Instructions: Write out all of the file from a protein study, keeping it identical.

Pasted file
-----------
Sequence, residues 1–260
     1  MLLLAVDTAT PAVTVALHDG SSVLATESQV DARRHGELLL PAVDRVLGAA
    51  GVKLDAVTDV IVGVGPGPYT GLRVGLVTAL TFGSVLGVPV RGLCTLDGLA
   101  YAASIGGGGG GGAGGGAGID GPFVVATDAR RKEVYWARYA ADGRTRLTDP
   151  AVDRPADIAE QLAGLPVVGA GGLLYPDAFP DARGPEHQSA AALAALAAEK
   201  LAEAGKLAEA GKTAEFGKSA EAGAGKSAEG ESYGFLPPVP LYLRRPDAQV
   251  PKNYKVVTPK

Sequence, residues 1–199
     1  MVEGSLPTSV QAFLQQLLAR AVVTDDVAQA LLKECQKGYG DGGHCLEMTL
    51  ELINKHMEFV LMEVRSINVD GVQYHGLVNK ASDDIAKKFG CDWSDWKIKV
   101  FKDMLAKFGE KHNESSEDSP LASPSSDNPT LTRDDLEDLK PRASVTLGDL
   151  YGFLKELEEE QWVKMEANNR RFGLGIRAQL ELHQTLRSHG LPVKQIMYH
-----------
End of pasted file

Sequence, residues 1–260
     1  MLLLAVDTAT PAVTVALHDG SSVLATESQV DARRHGELLL PAVDRVLGAA
    51  GVKLDAVTDV IVGVGPGPYT GLRVGLVTAL TFGSVLGVPV RGLCTLDGLA
   101  YAASIGGGGG GGAGGGAGID GPFVVATDAR RKEVYWARYA ADGRTRLTDP
   151  AVDRPADIAE QLAGLPVVGA GGLLYPDAFP DARGPEHQSA AALAALAAEK
   201  LAEAGKLAEA GKTAEFGKSA EAGAGKSAEG ESYGFLPPVP LYLRRPDAQV
   251  PKNYKVVTPK

Sequence, residues 1–199
     1  MVEGSLPTSV QAFLQQLLAR AVVTDDVAQA LLKECQKGYG DGGHCLEMTL
    51  ELINKHMEFV LMEVRSINVD GVQYHGLVNK ASDDIAKKFG CDWSDWKIKV
   101  FKDMLAKFGE KHNESSEDSP LASPSSDNPT LTRDDLEDLK PRASVTLGDL
   151  YGFLKELEEE QWVKMEANNR RFGLGIRAQL ELHQTLRSHG LPVKQIMYH